Faithfull’s story, from aristocratic starlet on Mick Jagger’s arm to homeless junkie to triumphant return as the voice of hard-won experience, is well known, not least from her 1994 autobiography. All the same, the wide-eyed hunger of the radiantly beautiful teenager makes you catch your breath, as does the guileless enthusiasm with which she takes on everything from singing to acting to hanging out. If she could see this when compiling the book, she doesn’t let on. Ditto her equally obvious relief when she moves into an eccentric grande dame-hood her family might have approved of, or the surprising joylessness of her celebrated comeback in the late Seventies, captured in endless drab pictures of her looking miserable behind a cigarette. But no amount of her brisk, luvvie cheerfulness can take the chill off a caption such as “Cecil Beaton photograph of me very smacked out”.

Like Page, Faithfull was the first to tread her particular path, though the result became a cautionary tale rather than a legend. You get no lingering sense of victimhood from Debbie Harry, the chief subject of Negative by Chris Stein, her partner both in the band Blondie and in much of their life. Managers, producers and fans all used Faithfull as a blank canvas for their desires and ambitions, but in Harry’s case it was her and Stein who conducted the first half of their career like a giant game of pretend (or, as this was Seventies New York, a long art project). Stein, who takes good pictures and writes even better captions, notes: “Debbie was constantly asked, ‘How does it feel to be a sex symbol?’ Literally exactly that question, over and over again.” He is amazed that no one understood they were playing with the idea from the start, taking on Marilyn Monroe’s glamour and Andy Warhol’s trash culture and producing images – Harry in leather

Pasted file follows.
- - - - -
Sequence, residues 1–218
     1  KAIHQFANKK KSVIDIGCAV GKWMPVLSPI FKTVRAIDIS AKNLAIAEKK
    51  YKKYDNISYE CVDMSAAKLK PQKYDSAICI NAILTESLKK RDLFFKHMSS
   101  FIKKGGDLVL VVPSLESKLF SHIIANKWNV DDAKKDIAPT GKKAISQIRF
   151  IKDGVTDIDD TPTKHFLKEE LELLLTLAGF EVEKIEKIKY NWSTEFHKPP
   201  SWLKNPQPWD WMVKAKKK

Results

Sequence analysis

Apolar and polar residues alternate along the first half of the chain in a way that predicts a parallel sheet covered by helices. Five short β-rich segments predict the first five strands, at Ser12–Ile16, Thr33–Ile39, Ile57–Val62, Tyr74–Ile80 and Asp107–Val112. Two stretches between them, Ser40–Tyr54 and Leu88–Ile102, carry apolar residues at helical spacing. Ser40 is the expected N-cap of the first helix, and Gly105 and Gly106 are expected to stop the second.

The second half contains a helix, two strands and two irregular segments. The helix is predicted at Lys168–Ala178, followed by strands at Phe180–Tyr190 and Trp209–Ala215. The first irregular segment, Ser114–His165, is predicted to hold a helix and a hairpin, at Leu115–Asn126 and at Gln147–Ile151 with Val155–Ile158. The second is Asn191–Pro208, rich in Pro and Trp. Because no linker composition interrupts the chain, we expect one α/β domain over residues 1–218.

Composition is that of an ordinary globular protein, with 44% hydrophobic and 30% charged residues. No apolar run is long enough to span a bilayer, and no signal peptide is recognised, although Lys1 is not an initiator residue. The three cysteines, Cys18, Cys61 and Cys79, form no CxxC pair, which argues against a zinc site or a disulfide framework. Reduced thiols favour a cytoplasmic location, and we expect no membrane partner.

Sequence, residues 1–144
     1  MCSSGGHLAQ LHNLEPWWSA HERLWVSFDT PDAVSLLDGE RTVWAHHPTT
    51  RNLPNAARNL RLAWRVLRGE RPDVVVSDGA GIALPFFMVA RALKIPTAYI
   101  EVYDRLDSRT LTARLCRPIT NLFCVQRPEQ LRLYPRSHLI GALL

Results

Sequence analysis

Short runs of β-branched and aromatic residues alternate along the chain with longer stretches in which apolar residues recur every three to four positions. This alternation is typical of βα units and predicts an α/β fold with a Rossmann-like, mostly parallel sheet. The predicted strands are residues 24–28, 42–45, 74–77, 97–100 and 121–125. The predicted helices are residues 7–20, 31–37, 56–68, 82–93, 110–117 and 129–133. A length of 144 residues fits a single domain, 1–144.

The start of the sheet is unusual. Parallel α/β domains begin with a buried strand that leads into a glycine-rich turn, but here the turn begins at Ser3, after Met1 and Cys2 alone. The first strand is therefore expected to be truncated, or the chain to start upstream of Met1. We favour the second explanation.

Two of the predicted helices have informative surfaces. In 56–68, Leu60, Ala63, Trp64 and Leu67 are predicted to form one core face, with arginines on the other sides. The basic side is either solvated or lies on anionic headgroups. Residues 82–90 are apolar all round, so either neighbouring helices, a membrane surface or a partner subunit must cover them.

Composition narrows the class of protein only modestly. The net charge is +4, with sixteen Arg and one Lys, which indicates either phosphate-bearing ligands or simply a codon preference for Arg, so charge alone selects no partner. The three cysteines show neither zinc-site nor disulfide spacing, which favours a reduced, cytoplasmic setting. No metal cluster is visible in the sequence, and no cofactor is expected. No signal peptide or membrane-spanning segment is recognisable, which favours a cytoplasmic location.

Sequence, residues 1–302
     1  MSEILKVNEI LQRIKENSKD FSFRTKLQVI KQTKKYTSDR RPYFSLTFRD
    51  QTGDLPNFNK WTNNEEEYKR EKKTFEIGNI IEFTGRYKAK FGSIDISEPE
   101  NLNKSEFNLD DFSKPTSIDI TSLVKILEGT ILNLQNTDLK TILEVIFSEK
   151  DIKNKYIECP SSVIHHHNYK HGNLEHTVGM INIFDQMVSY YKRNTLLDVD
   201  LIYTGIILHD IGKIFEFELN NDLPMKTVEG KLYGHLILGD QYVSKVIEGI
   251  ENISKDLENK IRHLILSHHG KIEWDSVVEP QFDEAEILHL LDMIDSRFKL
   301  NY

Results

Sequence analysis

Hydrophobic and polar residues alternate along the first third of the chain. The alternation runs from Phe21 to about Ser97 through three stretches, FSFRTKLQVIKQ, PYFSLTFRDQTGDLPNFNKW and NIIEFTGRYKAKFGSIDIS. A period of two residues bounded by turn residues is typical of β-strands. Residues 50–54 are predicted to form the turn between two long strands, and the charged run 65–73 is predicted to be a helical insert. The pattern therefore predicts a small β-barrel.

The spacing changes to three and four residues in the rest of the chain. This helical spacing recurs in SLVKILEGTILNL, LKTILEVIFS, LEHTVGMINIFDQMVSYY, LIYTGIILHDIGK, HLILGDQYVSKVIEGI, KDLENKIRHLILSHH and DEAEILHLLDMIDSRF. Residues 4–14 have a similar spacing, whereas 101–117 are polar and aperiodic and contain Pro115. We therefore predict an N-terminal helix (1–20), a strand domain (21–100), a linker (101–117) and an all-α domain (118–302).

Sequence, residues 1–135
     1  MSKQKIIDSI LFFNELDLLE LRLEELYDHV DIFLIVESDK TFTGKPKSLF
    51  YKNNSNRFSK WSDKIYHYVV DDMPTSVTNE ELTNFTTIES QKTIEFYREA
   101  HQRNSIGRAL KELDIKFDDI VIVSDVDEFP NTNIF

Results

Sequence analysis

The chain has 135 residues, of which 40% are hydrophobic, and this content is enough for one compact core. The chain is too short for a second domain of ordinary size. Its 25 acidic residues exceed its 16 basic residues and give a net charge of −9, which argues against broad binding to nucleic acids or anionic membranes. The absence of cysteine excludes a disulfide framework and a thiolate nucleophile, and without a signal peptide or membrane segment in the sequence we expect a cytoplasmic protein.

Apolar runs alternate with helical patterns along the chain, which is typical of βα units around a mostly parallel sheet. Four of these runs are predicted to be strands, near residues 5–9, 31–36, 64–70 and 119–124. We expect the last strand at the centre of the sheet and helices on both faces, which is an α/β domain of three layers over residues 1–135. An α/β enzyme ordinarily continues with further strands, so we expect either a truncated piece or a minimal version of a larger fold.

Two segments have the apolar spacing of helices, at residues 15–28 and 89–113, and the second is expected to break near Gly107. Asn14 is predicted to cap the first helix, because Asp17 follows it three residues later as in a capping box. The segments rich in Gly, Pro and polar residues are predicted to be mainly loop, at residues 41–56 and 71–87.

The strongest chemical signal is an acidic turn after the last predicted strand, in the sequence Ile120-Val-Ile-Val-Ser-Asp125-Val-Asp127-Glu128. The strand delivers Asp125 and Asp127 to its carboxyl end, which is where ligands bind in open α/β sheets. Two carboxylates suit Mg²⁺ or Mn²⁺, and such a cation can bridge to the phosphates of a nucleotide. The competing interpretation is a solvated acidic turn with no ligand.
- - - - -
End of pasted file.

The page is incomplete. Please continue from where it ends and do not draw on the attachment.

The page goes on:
knickers or a pillowcase or a burnt dress – that were in equal parts sexual and comical.

Pictured in a series of grubby halls and diners, Harry often looks like a visitor from the world of fashion, like Kate Moss or Alexa Chung backstage with Arctic Monkeys, which suggests few women have followed her lead. Her male contemporaries, rather than ransacking fashion like she did, are focused on recycling rock’s past. In redolent, intimate shots of post-hippie, pre-punk acts such as Jayne County and the New York Dolls, you can see a scene coalescing out of glitter, rock’n’roll nostalgia, paramilitary chic and, in the case of the Blondie drummer Clem Burke, full-on mod.